@if_zero_equals_one Yes, but you would then get a compiler warning (it would warn and say that you are using raw types), and you never want to compile your code with warnings.
    – Kaj
    Commented Jun 3, 2011 at 21:42
29

For the last part: Although String is a subset of Object, but List<String> is not inherited from List<Object>.

3
  • 12
    Very good point; many assume that because class C inherits from class P, that List<C> also inherits from List<P>. As you pointed out this is not the case. The reason why was that if we could cast from List<String> to List<Object>, then we could put Objects into that list, thus violating the original contract of List<String> when attempting to retrieve an element.
    – Peter
    Commented Jun 3, 2011 at 20:21
  • 2
    +1. Good point as well. So why would people use List<Object> for?
    – Thang Pham
    Commented Jun 3, 2011 at 20:23
  • 10
    List<Object> can be used to store a list of objects of different classes. Commented Jun 3, 2011 at 20:25
22

The notation List<?> means "a list of something (but I'm not saying what)". Since the code in test works for any kind of object in the list, this works as a formal method parameter.

Using a type parameter (like in your point 3), requires that the type parameter be declared. The Java syntax for that is to put <T> in front of the function. This is exactly analogous to declaring formal parameter names to a method before using the names in the method body.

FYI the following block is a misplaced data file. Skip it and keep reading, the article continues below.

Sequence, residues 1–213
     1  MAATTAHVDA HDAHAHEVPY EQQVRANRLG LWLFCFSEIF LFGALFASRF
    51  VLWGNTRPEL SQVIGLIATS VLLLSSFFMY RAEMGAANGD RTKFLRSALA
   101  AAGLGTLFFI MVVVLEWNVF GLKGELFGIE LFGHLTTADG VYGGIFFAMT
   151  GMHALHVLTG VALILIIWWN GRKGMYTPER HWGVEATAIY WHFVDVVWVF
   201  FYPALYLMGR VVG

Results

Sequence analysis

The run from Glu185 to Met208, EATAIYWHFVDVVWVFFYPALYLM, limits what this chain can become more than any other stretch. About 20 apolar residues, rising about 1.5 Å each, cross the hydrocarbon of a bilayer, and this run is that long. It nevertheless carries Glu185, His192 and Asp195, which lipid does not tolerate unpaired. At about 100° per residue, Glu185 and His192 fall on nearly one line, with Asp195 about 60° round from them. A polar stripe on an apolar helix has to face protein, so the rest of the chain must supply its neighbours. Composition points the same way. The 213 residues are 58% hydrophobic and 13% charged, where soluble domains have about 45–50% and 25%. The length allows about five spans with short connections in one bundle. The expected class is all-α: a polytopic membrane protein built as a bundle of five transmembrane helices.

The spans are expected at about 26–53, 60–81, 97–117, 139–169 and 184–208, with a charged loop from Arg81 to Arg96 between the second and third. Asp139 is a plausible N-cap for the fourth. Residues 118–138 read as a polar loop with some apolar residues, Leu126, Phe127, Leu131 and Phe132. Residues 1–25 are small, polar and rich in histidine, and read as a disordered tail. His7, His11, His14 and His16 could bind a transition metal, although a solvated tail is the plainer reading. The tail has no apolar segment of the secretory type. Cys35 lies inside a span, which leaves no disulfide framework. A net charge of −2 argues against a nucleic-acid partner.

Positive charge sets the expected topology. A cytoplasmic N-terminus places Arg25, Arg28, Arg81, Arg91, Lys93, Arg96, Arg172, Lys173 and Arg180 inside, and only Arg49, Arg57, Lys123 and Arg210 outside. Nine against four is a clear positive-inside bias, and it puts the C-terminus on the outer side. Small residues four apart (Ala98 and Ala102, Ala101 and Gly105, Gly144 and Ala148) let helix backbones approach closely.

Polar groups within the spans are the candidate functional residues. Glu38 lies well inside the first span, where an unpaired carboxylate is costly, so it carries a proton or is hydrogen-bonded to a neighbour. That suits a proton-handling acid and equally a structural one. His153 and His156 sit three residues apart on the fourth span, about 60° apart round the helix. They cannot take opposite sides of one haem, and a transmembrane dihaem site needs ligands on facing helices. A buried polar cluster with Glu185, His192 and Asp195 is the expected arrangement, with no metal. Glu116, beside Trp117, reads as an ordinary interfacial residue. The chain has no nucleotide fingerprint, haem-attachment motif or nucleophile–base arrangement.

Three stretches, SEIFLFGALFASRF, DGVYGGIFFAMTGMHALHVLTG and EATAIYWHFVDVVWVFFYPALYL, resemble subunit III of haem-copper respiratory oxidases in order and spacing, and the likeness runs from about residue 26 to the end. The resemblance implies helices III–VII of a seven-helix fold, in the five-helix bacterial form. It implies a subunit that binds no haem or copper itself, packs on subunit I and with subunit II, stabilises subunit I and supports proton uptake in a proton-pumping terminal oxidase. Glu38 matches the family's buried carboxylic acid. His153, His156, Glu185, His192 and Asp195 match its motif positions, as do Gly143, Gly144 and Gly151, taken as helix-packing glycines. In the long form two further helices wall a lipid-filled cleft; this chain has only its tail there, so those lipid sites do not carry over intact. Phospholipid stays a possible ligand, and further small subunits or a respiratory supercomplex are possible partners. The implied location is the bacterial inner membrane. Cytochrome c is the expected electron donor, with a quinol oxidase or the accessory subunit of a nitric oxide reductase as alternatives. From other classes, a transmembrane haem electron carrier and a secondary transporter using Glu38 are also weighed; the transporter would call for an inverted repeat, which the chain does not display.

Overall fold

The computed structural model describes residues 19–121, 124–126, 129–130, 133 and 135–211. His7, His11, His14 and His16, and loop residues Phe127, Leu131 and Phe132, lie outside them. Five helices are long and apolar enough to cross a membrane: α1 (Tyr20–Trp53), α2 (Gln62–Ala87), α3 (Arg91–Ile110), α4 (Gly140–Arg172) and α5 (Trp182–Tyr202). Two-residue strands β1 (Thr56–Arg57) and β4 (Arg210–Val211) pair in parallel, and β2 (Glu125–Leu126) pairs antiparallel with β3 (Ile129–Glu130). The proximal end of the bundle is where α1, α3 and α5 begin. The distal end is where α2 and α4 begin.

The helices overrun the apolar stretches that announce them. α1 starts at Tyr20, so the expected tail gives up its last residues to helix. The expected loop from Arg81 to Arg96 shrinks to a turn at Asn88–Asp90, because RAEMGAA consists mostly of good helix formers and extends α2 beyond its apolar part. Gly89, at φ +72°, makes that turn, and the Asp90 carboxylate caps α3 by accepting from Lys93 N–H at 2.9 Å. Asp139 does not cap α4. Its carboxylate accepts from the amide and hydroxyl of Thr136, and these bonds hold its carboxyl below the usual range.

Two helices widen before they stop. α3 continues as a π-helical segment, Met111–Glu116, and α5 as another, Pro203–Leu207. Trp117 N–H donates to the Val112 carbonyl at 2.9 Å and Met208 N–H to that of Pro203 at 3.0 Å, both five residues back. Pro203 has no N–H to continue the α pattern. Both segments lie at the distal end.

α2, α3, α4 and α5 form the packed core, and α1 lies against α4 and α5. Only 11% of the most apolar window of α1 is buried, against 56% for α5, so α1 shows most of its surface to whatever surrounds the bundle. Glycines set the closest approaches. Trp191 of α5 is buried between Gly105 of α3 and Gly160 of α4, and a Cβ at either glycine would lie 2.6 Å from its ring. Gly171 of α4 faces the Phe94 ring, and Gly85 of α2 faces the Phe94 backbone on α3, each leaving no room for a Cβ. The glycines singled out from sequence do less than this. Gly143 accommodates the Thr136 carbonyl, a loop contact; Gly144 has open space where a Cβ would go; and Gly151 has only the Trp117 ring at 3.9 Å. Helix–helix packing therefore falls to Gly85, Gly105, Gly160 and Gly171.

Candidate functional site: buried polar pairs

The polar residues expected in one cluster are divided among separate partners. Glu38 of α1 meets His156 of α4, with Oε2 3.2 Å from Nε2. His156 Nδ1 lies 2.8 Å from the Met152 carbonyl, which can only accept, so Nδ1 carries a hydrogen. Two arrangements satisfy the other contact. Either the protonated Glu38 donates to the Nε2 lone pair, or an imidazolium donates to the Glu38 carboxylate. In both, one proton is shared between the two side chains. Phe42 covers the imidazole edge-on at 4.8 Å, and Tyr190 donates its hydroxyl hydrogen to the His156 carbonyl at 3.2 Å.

Regarding List<Object> not accepting a List<String>, that makes sense because a String is not Object; it is a subclass of Object. The fix is to declare public static void test(List<? extends Object> set) .... But then the extends Object is redundant, because every class directly or indirectly extends Object.

4
  • Why would people use List<Object> for?
    – Thang Pham
    Commented Jun 3, 2011 at 20:22
  • 10
    I think "a list of something" is a better meaning for List<?> since the list is of some specific but unknown type. List<Object> would really be "a list of anything" since it can indeed contain anything.
    – ColinD
    Commented Jun 3, 2011 at 21:45
  • 1
    @ColinD - I meant "anything" in the sense of "any one thing". But you're right; it means, "a list of something, but I'm not going to tell you what".
    – Ted Hopp
    Commented Jun 5, 2011 at 2:52
  • @ColinD it was he meant why did you repeat his words? yes it was written with a little different words, but the meaning is the same...
    – user25
    Commented Mar 17, 2018 at 9:36
14

The reason you cannot cast List<String> to List<Object> is that it would allow you to violate the constraints of the List<String>.